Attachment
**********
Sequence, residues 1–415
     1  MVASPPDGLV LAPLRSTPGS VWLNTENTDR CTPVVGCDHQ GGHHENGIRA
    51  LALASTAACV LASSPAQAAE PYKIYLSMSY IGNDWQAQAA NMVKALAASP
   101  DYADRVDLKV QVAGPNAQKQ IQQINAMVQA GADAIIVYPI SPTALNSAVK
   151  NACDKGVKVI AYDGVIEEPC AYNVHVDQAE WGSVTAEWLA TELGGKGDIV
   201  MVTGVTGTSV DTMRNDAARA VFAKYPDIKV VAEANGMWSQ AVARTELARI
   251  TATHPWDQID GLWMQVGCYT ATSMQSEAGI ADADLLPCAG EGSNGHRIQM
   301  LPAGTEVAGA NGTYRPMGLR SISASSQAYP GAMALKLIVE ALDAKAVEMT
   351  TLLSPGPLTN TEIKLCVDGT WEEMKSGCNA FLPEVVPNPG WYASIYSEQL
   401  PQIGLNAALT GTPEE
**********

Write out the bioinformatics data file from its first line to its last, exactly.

Sequence, residues 1–415
     1  MVASPPDGLV LAPLRSTPGS VWLNTENTDR CTPVVGCDHQ GGHHENGIRA
    51  LALASTAACV LASSPAQAAE PYKIYLSMSY IGNDWQAQAA NMVKALAASP
   101  DYADRVDLKV QVAGPNAQKQ IQQINAMVQA GADAIIVYPI SPTALNSAVK
   151  NACDKGVKVI AYDGVIEEPC AYNVHVDQAE WGSVTAEWLA TELGGKGDIV
   201  MVTGVTGTSV DTMRNDAARA VFAKYPDIKV VAEANGMWSQ AVARTELARI
   251  TATHPWDQID GLWMQVGCYT ATSMQSEAGI ADADLLPCAG EGSNGHRIQM
   301  LPAGTEVAGA NGTYRPMGLR SISASSQAYP GAMALKLIVE ALDAKAVEMT
   351  TLLSPGPLTN TEIKLCVDGT WEEMKSGCNA FLPEVVPNPG WYASIYSEQL
   401  PQIGLNAALT GTPEE